Ricky Ponting on Monty Panesar

Australians have historically had some trouble against slow left armers, although more so on their own wickets then in Australia, but  Ricky Ponting rates Panesar highly. So much so that he’s already decided that he has to be attacked from the outset by Australia’s batsmen, in order to prevent him from settling into a rythym.

“I’ve watched it all pretty closely. He’s got this cult figure behind him, but more importantly for them, he’s actually doing the job for them on the field,” said Ponting, who first noticed Panesar during last year’s Ashes tour when he took Michael Clarke’s wicket in a county game.

“He didn’t look like he was scared to throw the ball up a little bit and actually try and get you out,” Ponting said.

“A lot of the Englishmen over the years have been a bit guilty of just firing the ball in a bit too fast, and you can see with him he uses the air a lot more. He’s got good, subtle changes of pace and, watching the other night, a really good arm ball as well. You could see from that that one day he might have the chance to play for England.

“He’s probably a more attacking bowler than Giles was, and a wicket-taking option for them, more so than Giles was. Giles … did what the team required of him, but it looks like this guy can actually do both — keep it reasonably tight if needed and when it starts to turn a bit more, he can bowl some pretty handy deliveries as well.

Ponting is looking to the lefthanders in the lineup to ‘get after’ Panesar.

“The left-handers especially, Justin and Matty, the way they generally play spin is to be fairly aggressive,” he said. “But at other times, we won’t be able to be. We’ll try to make some sort of impact on him early on — hopefully a positive one — and we don’t let him get on top of us.”

The Australians will study plenty of footage of Panesar between now and the Ashes, perhaps keeping in mind that New Zealand’s left-arm finger spinner Daniel Vettori has a fine record against them. Still, Australian coach John Buchanan said England’s first dilemma would be whether to play the new cult hero ahead of Giles, who is desperate to return from a hip injury. “He (Giles) has been one of the key players for an England side for a long period of time and someone that (coach Duncan) Fletcher has relied on quite a lot … so they will have some interesting decisions,” said Buchanan, who also has been impressed with Panesar.

“He’s actually a spinner, whereas I think Giles began as a medium pacer, then developed into a spin bowler. But Panesar is a craftsman, I think, a bit of an artist.”

Another key figure might well be Michael Hussey, who will undoubtedly anchor the middle order. However, Ponting is right to take this approach. Confidence is everything to a bowler, and especially spinners. If Australia can negate Panesar’s confidence, England will find their task much harder.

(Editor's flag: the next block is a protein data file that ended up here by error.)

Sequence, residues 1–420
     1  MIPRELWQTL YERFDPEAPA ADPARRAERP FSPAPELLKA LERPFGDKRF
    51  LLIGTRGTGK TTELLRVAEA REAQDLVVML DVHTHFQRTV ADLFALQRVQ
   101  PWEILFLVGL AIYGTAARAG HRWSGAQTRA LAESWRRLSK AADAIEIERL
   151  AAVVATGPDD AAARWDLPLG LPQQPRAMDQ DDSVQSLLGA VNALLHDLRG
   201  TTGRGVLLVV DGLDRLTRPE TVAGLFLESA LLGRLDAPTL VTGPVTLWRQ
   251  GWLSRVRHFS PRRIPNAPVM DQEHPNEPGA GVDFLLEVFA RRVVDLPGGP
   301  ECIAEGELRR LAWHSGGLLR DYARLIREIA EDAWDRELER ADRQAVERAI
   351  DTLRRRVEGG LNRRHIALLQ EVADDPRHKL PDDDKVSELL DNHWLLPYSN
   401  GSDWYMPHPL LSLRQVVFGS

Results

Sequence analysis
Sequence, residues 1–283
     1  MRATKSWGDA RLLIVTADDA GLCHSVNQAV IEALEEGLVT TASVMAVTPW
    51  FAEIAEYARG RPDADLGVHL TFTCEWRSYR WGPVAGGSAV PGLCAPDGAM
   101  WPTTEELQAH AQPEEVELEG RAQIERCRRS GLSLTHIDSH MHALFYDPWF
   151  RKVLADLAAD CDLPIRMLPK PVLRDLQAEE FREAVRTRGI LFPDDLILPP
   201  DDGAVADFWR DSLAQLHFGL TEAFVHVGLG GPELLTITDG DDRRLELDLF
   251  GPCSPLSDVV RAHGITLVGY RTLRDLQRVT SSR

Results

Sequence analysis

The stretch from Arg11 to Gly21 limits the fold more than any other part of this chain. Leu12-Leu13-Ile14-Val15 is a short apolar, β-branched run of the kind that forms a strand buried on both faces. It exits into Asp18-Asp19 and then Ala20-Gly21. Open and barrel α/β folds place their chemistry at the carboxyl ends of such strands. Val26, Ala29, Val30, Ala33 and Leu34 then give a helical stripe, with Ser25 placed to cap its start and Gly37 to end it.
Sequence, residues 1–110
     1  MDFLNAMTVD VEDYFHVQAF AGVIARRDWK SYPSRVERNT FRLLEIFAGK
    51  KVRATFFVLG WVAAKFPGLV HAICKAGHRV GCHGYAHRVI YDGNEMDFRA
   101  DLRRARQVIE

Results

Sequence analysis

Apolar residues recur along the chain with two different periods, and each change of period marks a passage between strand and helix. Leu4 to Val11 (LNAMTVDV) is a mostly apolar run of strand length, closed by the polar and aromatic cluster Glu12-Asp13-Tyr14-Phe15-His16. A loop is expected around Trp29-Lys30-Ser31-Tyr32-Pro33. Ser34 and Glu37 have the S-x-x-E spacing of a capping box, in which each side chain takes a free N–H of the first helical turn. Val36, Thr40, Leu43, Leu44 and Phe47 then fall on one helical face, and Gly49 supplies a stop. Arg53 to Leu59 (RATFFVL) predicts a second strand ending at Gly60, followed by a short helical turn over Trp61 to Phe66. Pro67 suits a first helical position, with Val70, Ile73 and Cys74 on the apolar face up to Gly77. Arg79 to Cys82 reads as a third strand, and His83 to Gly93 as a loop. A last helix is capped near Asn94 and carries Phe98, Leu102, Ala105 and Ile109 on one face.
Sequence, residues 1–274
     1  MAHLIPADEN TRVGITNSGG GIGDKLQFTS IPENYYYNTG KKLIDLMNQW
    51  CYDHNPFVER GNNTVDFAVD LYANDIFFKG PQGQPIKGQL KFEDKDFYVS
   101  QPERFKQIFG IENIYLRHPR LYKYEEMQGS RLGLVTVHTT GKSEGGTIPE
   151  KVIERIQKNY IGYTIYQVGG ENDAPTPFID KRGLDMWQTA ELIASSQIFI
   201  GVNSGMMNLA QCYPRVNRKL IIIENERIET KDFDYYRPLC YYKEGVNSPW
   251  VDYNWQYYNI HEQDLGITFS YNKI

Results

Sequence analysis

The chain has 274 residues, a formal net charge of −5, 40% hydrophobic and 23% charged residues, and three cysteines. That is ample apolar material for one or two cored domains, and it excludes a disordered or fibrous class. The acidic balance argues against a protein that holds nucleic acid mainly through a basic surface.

Kevin Pietersen’s secrets

There are some gems in this morning’s Telegraph, by Simon Briggs; my favourite of Kevin Pietersen and his uber-confidence:

So where exactly did Pietersen develop his supernatural sang-froid? Well, a story from the Southampton local leagues provides a clue. Last Wednesday evening, a social team named the Otters were taking an awful hammering from Trant, who batted first and smashed 186 from their allotted 16 overs. Then Bryan Pietersen, Kevin’s younger brother, ran in to bowl.

“He took two wickets with his first two balls,” said one stunned Otter, “and he was giving us plenty of stick. Then he had an lbw turned down – not surprisingly, as this is the sort of league where lbws are never given – and he went bananas. He was walking out to square leg with the umpire at the end of each over and explaining the rules. If the game had been competitive, I could have understood it, but we were 17 for four at the time.”

After the way cricket was played in the Pietersens’ back garden, South African sledging must have made Kevin feel right at home.

James Anderson still lacking confidence

James Anderson, England’s would-be new-ball bowler, is still struggling. He’s lost pace (he was genuinely quick – 92mph+ – only 18 months ago) and, crucially, lost his outswinger. England have put a lot of time and patience into him but I really feel he ought to have some time off, go to the Academy in a year’s time and progress from there. Ever since they fiddled with his action (albeit necessary modifications), he’s lost the magic which he displayed. Again today he conceded 50 runs in his 10 overs; against Zimbabwe, he ought to have conceded 40 at the very most, and taken at least 2 wickets.

He is too young and too talented to destroy yet – please, England, treat him carefully…